Choosing the right irrigation system
Irrigation is one of the most important controllable aspects of growing and could have a major impact on the quality of the crops.
March 10, 2023 By Guillermo Maldonado
Irrigation is one of the most important controllable aspects of growing and could have a major impact on the quality of the crops. How then to decide which irrigation system is the best suited to our needs? The answer isn’t always simple and will depend on several factors: type of crop, climate, labour, initial investment, growing media and type of soil, container size… Here are some pros and cons of some of the most common irrigation systems to help you to make the right choice.
Irrigation system #1: Manual irrigation
- Low initial investment (inexpensive equipment);
- Catered irrigation (only the crops that need water get water);
- Good opportunity to inspect the crops.
- Can be inefficient and uneven, requires training and experience;
- Time-consuming task (more labour);
- Hard to keep crop’s canopy dry;
- Can have an impact on the soil structure, if the flow isn’t adjusted properly;
- Can be wasteful and hard to apply fertilizer evenly;
- Can’t be automated.
Don’t Forget to…
- Inspect plants before irrigation; feel the weight. Remove the container and touch the media. Don’t only base your decisions on a quick visual inspection;
- Avoid overflowing the container or using high pressure nozzles as it disrupts the soil structure; certain aggregates will migrate to the top while the fines will settle at the bottom of the container, reducing overall drainage and affecting the dry down cycles;
- Flush lines before irrigating to ensure the appropriate water or fertilizer solution is applied on all crops;
- Make sure equipment and nozzles are adjusted to get the right flow and droplet size for the type of crop and container size.
Irrigation system #2: Sprinkler/Micro Spray Systems
- Can be timed and automated;
- Can be used for a specific crop where low air humidity is an issue;
- Can be used to impact micro-climate around the plant and canopy;
- Medium to low initial investment.
- Less efficient and wasteful if not managed properly;
- Uniformity can be a challenge;
- Low efficiency on dense canopies (may result in excessive runoff).
Irrigation system #3: Drip irrigation
- Can be automated and programmed based on many different inputs;
- Crop canopy remains dry (reduces incidence of foliar diseases);
- All the water is applied to the media:
- – Can apply precise amounts of water which can reduce water usage;
- – Water has a better distribution through the media;
- Water can be collected, treated and reused.
- Medium to high investment;
- Water distribution can be problematic if growing media becomes too dry or drippers aren’t positioned properly;
- Cleaning and maintaining the system can be challenging;
- Further investments are required to collect, treat and reuse water (Gutters, collection reservoir, filtration system, UV system, etc.);
- If leachate is not collected, a lot of water can be wasted.
Irrigation system #4: Water booms
- Major reduction in labour costs;
- Can be programmed and automated;
- Can be used to apply different types of products;
- Can be used as a sprayer;
- Even coverage of the canopy;
- Excellent choice for large-scale monocrop productions.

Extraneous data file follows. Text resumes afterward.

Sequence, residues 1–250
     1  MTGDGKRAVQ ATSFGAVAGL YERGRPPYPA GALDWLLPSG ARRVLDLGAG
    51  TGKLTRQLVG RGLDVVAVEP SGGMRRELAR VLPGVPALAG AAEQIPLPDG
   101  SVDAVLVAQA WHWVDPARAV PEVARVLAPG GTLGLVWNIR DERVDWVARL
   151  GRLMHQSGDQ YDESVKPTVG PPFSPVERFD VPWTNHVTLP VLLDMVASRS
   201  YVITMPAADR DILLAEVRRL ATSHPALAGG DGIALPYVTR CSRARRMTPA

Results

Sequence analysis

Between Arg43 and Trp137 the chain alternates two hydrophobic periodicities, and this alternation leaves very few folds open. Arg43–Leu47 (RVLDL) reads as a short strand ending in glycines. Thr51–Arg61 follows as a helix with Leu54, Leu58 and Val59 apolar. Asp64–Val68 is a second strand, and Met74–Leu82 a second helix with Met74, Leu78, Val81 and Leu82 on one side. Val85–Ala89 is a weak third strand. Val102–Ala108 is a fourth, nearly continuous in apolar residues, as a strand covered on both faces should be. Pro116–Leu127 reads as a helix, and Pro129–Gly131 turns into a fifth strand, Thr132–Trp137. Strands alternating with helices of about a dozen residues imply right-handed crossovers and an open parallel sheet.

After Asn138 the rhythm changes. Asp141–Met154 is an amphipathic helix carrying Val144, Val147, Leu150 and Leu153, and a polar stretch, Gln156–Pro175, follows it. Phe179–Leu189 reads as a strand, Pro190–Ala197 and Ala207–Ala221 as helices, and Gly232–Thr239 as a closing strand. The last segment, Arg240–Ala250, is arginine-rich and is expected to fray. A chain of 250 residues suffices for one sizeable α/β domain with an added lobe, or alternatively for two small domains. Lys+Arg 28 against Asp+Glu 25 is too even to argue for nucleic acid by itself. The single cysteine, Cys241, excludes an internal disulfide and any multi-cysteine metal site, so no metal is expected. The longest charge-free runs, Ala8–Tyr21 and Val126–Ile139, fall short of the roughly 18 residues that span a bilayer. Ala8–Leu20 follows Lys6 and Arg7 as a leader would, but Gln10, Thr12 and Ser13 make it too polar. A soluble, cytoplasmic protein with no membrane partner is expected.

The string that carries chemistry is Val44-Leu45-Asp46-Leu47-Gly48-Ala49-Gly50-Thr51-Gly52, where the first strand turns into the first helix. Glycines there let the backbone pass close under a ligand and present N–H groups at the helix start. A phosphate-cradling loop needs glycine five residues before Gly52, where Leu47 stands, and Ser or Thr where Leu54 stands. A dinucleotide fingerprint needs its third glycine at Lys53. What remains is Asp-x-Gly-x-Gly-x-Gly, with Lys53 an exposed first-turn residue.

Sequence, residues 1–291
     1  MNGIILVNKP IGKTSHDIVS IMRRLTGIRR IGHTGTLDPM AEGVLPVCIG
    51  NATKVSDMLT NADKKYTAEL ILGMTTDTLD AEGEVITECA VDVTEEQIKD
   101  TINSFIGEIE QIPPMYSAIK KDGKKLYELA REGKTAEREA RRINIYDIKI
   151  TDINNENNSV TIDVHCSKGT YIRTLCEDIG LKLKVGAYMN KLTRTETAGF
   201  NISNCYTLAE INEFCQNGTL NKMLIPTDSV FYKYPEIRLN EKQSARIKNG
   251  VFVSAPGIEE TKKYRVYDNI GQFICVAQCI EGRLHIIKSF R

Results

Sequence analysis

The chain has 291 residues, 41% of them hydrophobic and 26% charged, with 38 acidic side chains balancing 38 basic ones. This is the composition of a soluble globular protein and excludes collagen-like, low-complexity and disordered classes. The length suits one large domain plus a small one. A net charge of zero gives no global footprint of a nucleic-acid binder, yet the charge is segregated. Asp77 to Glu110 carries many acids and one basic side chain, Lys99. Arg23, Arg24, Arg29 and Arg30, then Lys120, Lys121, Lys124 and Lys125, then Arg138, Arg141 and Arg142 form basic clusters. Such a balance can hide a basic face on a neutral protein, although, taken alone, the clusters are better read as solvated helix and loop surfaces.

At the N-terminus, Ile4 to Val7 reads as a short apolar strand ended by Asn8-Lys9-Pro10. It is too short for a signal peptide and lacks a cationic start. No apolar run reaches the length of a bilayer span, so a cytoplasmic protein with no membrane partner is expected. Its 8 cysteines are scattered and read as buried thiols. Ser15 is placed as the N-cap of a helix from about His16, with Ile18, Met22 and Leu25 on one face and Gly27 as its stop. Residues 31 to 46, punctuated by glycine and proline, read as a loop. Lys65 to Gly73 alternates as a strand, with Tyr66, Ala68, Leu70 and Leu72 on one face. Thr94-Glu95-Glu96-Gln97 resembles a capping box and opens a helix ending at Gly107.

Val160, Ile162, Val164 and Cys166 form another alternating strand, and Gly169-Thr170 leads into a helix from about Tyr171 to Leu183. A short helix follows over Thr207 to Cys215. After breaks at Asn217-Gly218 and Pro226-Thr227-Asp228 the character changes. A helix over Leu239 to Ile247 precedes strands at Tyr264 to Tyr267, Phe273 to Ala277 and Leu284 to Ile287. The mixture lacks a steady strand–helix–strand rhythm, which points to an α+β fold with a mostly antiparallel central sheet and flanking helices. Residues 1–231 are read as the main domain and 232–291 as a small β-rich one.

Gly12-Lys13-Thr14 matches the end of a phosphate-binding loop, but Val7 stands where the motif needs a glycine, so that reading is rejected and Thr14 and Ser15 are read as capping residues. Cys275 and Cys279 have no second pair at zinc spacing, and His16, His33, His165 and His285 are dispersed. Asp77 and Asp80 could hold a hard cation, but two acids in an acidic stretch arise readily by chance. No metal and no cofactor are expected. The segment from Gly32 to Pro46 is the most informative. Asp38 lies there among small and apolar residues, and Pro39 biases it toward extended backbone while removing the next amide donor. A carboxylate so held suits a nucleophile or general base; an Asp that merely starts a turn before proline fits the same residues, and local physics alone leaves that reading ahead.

- High initial investment;
- Only possible for certain types of greenhouses;
- For better results, a trained operator is required to adjust equipment and carry out preventative maintenance;
- Difficult to manage with smaller batches of different crops at different growth stages.
Irrigation system #5: Sub-irrigation ebb and flow (for hydroponics systems)
- Positive impact on evenness and uniformity of soil moisture;
- Can be applied to different growing systems;
- Water is typically collected and recycled, which significantly reduces wastewater;
- Can be used for a variety of plant species and container sizes;
- Plant canopy and foliage remain dry.
- Medium to high initial investment;
- Can cause salts build up in the growing media (cannot flush the mix through this system);
- Generates a lot of wastewater if it isn’t collected;
- Requires a growing media with excellent wickability (capillarity), but also sufficient drainage;
- If the water is contaminated, the disease will spread rapidly;
- Must have an efficient water treatment system in order to safely re-use water.
Irrigation system #6: NFT – Nutrient Film Technique (for hydroponics systems)
- Water is always in motion (improves dissolved oxygen (DO2) content);
- Water can be reused and recycled;
- System is typically programmed and automated;
- Decreases water usage as it runs through the system in a loop.
- High initial investment;
- Needs to be managed by qualified operator;
- Little room for mistakes (roots directly exposed);
- Requires a climate-controlled environment;
- Difficult to control pathogens as they can spread rapidly.
Irrigation system #7: Mist fogging
- Ability to apply high volumes of water though very fine droplets;
- Most suitable option for germinating chambers/rooting stations;
- Effective impact on air humidity and climate in the greenhouse/growing area.
- Medium to high initial investment (Higher when we include the costs of a germination chamber);
- Requires an extremely efficient filtering system;
- Must install a high-pressure line.
Whichever irrigation systems you choose, preventative maintenance is always recommended. Make the proper adjustments when cycling through different seasons, crops and growth cycles. Be pro-active and implement the best practices to ensure the healthy growth of your crops.
Guillermo Maldonado is a grower advisor for Berger.
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